May 25th 2010 · Prague Watchdog / Valery Dzutsev · PRINTER FRIENDLY FORMAT · E-MAIL THIS

The West's approach to the Caucasus

The West's approach to the Caucasus

By Valery Dzutsev, special to Prague Watchdog

(Note: this article was written in 2008, before the August War in Georgia)

In yet another attempt to get rid of the Russian peacekeepers, Georgian parliamentary speaker Nino Burdzhanadze stated on 31 October that the country would demand the withdrawal of Russian peacekeeping forces from Abkhazia and South Ossetia and their replacement with international peacekeepers. Georgians like to point to Russia as the main obstructer of the reintegration of its breakaway regions Abkhazia and South Ossetia. The Russians respond with criticism of the Georgians’ conduct in South Ossetia and Abkhazia, arguing that only Russia can sustain peace in the region.

All major engaged parties from outside the South Caucasus seem to be interested in retaining the Soviet borders in the region. Paradoxically the declared consensus of the West, Russia and other important neighbors about not changing the borders does nothing to change the situation on the ground. Talks over the status of Abkhazia, South Ossetia have repeatedly been stalled.

Western governments and officials are often perplexed by the absence of prospects for a peaceful settlement in the region, while the situation especially in Abkhazia and South Ossetia is regularly brought to the brink of conflict. It is probably worth trying to perform an inventory of this state of affairs and see if new approaches may help to avoid another possible war in a region that is already riven by conflict and poverty.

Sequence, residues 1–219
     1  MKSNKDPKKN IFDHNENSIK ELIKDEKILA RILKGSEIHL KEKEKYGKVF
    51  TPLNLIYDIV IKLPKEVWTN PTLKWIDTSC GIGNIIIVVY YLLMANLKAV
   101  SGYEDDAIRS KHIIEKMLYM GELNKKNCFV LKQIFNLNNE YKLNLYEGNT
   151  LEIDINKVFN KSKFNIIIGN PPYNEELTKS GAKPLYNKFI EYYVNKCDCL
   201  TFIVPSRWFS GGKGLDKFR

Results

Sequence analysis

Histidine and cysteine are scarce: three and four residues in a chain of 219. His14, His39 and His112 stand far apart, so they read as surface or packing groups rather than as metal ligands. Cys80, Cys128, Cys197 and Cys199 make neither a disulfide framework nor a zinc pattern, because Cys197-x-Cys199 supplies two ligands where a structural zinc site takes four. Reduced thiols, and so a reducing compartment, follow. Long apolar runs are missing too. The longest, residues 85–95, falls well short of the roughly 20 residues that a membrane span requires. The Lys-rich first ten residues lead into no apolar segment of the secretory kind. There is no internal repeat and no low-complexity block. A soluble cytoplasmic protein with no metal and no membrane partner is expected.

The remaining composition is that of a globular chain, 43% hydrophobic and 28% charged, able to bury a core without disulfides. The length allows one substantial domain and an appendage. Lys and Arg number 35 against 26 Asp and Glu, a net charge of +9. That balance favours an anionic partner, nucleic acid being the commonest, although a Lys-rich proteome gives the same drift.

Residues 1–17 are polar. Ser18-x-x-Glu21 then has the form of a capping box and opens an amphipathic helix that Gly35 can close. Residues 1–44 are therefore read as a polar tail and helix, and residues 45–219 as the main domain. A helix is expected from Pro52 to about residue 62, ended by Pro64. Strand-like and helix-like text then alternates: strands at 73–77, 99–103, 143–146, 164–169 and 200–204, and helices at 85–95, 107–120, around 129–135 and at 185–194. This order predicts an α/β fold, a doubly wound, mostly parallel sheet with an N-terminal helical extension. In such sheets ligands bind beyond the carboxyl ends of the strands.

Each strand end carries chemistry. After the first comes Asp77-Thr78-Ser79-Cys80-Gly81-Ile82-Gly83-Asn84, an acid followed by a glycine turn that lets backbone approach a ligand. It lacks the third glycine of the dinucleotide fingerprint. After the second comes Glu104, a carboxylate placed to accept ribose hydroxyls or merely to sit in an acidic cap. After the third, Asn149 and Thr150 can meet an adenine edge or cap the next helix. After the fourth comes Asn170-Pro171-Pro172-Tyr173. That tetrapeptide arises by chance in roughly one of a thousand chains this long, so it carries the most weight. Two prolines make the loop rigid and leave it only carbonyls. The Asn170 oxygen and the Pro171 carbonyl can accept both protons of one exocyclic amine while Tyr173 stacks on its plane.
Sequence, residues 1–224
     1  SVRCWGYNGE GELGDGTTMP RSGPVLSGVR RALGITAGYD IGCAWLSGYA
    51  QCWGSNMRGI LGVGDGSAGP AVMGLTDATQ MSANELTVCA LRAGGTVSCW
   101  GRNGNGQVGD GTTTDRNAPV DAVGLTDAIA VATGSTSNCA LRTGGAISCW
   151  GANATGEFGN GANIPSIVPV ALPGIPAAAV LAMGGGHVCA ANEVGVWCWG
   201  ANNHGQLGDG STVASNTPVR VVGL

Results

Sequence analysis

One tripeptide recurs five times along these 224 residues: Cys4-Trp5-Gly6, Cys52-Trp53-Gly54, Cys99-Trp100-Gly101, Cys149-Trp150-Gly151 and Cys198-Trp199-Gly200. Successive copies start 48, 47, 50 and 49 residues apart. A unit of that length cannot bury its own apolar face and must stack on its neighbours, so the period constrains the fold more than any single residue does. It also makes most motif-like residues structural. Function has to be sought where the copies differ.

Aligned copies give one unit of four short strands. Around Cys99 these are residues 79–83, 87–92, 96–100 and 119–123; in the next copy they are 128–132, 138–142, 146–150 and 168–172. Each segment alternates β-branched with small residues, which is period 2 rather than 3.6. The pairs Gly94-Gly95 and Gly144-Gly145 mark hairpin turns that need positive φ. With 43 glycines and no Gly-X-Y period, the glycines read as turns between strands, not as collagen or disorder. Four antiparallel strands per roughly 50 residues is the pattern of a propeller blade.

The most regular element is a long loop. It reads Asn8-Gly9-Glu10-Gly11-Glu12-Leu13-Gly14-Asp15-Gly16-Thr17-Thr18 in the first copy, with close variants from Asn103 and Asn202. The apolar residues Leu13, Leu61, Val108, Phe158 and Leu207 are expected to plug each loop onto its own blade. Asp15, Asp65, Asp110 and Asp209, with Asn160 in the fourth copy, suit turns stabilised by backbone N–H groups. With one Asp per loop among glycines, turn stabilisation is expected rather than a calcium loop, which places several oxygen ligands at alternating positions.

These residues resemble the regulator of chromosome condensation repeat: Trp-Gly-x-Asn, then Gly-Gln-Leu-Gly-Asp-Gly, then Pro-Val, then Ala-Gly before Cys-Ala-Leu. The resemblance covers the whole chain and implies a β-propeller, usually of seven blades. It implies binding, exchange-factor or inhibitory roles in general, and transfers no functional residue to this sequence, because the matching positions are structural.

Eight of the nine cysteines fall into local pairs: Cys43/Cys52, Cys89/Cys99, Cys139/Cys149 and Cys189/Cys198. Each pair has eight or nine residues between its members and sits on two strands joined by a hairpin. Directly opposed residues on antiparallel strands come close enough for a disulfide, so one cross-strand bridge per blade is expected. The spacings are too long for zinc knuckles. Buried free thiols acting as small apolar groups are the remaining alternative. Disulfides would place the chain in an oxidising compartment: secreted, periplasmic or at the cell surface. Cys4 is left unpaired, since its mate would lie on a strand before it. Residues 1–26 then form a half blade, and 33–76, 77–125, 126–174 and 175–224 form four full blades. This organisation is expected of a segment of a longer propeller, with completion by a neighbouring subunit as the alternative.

The West is opposed to recognizing Abkhazia and South Ossetia and changing the Soviet borders of Georgia because Georgia is considered to be a faithful Western ally and because there is a widespread belief that it is the Russians who are fueling separatism in the former Georgian provinces.

The Georgians are opposed to letting their former provinces secede, apart from everything else because in the late 1980s and early 1990s the struggle to keep them became intimately linked to their statehood-building process.

What is somewhat less discussed is the fact that the Russians are also opposed to any change of borders in Georgia, not only declaratively, but also practically. The Russians understand very well that once the post-Soviet borders start to change, especially in the adjacent areas of the Caucasus, this will inevitably affect the Russian Federation too, because in the North Caucasus there are indigenous peoples who persistently harbor (or possibly cherish) separatist sentiments. Although Nikolay Zlobin of the Center for Defense Information recently said that this would not affect Russia, because Russia is wealthy, and so only an “inadequate” people would secede from her, it is obvious that not all the secessionist movements are necessarily directly dependent on the hope of a richer life. Not to speak of the fact that Russia’s wealth has the potential to evaporate along with high oil prices.

So in fact the Russians are just as interested in keeping the borders intact as are Georgia and the West. However, while supporting the old Soviet frontiers, the Russians also want to stay in the region because they still regard Georgia and the South Caucasus as their own domain. Another important consideration for the Russians is that if they were to leave Abkhazia and South Ossetia, this would send a certain message around the Caucasus – Russia is growing weak – and potentially create another wave of insurgency in the North Caucasus. Also, the Russians cannot be sure that if they leave the Georgian regions, the Georgians will not turn to waging another war in Abkhazia and South Ossetia. This would again certainly affect the Russian North Caucasus because of the influx of refugees, and would cause general instability in an already volatile region.